Why You Shouldn't Be Worried About Citigroup's Pending Settlement
Citigroup is one of the cheapest bank stocks in the market, and for some pretty good reasons.
For starters, the company has tremendous international exposure, and it is impossible to know how the bank would fare in the event of another downturn. The bank also has well over $100 billion in legacy assets on the books, and if the default rate of the portfolio jumped, it could be very bad for Citigroup's bottom line.
Now the market has yet another reason to de-value Citigroup: it was just announced that talks between the bank and the U.S. Justice Department broke down over a massive difference in settlement offers.
Apparently, the Justice Department wants to make an example out of Citigroup and is seeking more than $10 billion.
What's this settlement about?
Just like several other banks, Citigroup has been under investigation by the Justice Department for allegedly misleading investors about the quality of mortgage-backed securities sold during the mortgage crisis years.
As mentioned, the Justice Department is reportedly seeking a settlement of more than $10 billion, which is a lot but is not unprecedented. JPMorgan Chase & Co. paid $13 billion in response to similar charges, in what is currently the largest bank settlement in history. Bank of America is also facing a settlement of a similar amount.
However, sources say Citigroup offered less than $4 billion to resolve the matter, which apparently prompted prosecutors to stop the negotiations and move forward with their lawsuit against the bank.
Should investors be worried?
Not really. Citigroup and all of the other big banks have known these settlements were coming for some time now, and have been stashing money away to cover them.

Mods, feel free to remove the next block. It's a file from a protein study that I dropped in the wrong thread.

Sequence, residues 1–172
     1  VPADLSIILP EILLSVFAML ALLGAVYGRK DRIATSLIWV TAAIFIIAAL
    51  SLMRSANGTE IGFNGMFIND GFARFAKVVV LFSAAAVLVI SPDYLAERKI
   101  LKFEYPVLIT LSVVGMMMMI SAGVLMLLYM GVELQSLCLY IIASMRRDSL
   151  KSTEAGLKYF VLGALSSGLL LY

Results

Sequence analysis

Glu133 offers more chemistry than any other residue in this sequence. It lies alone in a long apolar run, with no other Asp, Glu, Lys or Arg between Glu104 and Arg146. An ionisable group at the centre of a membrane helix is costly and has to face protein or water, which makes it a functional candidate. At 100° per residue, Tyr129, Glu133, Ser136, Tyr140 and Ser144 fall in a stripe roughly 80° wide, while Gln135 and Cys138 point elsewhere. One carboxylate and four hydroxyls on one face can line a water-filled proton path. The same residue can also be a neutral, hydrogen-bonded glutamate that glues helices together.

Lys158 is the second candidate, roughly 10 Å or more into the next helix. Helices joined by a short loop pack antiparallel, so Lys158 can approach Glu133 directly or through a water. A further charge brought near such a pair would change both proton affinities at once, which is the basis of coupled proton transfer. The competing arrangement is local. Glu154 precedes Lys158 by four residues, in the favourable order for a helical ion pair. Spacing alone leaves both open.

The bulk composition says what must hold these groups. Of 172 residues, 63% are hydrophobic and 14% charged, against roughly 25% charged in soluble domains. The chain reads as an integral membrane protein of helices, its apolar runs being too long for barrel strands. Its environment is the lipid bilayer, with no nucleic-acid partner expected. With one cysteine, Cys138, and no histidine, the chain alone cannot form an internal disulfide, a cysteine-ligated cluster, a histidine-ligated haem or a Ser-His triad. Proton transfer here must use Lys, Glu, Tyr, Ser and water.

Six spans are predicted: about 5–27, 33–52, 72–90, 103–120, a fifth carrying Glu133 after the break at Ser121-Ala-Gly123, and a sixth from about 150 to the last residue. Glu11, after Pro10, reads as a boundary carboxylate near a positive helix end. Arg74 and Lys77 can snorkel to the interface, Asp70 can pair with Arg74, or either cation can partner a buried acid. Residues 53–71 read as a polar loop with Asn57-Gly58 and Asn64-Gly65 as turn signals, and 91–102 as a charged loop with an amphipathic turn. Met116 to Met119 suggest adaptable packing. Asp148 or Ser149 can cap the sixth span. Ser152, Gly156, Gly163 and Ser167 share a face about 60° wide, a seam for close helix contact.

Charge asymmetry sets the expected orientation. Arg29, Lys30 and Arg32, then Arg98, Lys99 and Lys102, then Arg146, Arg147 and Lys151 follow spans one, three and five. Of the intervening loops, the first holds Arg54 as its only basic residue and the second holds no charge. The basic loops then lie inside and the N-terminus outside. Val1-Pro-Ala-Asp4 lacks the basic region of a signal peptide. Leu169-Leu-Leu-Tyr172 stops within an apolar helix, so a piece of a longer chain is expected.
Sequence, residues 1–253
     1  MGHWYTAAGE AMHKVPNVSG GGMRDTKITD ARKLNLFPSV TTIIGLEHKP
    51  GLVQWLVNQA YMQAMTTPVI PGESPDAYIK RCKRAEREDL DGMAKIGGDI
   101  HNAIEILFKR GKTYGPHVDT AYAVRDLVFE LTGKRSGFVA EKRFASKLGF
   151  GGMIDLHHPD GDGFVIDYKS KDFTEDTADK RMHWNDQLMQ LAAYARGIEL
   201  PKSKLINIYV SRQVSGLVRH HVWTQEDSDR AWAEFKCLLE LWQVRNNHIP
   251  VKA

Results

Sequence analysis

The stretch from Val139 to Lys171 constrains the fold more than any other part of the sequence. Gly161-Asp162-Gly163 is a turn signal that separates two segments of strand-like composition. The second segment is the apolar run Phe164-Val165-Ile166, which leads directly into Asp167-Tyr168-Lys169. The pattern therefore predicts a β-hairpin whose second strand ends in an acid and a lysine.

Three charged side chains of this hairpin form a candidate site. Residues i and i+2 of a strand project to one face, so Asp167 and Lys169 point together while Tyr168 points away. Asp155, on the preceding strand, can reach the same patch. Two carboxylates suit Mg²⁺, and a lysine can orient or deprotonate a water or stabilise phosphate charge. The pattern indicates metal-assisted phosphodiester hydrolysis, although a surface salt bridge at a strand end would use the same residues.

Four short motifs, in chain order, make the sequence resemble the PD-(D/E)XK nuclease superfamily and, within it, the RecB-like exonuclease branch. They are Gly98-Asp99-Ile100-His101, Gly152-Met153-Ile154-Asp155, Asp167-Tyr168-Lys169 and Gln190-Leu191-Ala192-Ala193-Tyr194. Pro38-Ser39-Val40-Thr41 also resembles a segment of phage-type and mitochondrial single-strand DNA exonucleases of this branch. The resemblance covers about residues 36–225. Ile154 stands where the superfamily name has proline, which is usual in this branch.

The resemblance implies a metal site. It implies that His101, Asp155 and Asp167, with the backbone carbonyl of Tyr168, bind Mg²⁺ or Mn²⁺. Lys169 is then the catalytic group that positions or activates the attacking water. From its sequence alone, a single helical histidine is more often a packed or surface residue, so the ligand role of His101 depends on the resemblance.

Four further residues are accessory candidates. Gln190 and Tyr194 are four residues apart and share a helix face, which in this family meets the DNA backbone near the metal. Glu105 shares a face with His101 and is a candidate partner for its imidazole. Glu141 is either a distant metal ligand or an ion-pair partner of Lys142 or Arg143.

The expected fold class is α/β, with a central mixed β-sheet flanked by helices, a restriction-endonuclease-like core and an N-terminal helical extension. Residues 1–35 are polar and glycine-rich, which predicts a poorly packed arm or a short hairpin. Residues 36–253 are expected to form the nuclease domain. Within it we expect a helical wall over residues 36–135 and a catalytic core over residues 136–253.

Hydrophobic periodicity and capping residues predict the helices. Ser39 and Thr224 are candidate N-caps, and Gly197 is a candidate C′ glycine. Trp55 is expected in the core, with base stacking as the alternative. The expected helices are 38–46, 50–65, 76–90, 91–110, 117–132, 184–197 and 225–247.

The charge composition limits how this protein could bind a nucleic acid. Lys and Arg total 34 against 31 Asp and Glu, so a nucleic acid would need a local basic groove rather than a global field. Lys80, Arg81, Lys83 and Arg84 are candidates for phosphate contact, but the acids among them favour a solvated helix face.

Plus, the $10 billion figure being tossed around in the media is likely much higher than the bank will actually have to pay, simply because of the lower volume of MBS the bank sold as compared to its peers.
The real number will likely be somewhere in the middle of the $4 billion Citi has offered and the $10 billion the government wants, and an amount on the lower end of that range would make more sense. Sure, JPMorgan Chase paid out $13 billion to settle similar charges, but the company sold about six times the amount of mortgage-backed securities Citigroup did.
One analyst estimates a $6 billion fine, which may be a little more than the bank has in reserves. However, he says the bank's share price is already pricing in up to $3 billion in legal costs above and beyond the current reserves.
In short, this is no surprise to Citigroup and the bank should be able to put this mess in the past for far less than $10 billion.
It's all priced in and more
Admittedly, there is a lot of uncertainty surrounding Citigroup. However, the bank has done a good job so far of improving its asset quality and capital levels.
The Citi Holdings assets are still substantial, but great progress has been made in winding down the portfolio, and it's just a matter of time before it's all gone.
And, the legal settlements that have been plaguing the banks for several years now may be coming to an end. In fact, rival Bank of America recent announced the Justice Department settlement is the last big one the bank has to worry about.
Even with the uncertainty, I believe the odds are well in the shareholders' favor, especially considering Citigroup trades for just 86% of the value of its tangible assets. While the prospect of uncertain legal settlements and over $100 billion in remaining "legacy assets" might make you nervous, any big headlines create even better buying opportunities in this long-term winner.
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The article Why You Shouldn't Be Worried About Citigroup's Pending Settlement originally appeared on Fool.com.Matthew Frankel has no position in any stocks mentioned. The Motley Fool owns shares of Citigroup. Try any of our Foolish newsletter services free for 30 days. We Fools may not all hold the same opinions, but we all believe that considering a diverse range of insights makes us better investors. The Motley Fool has a disclosure policy.
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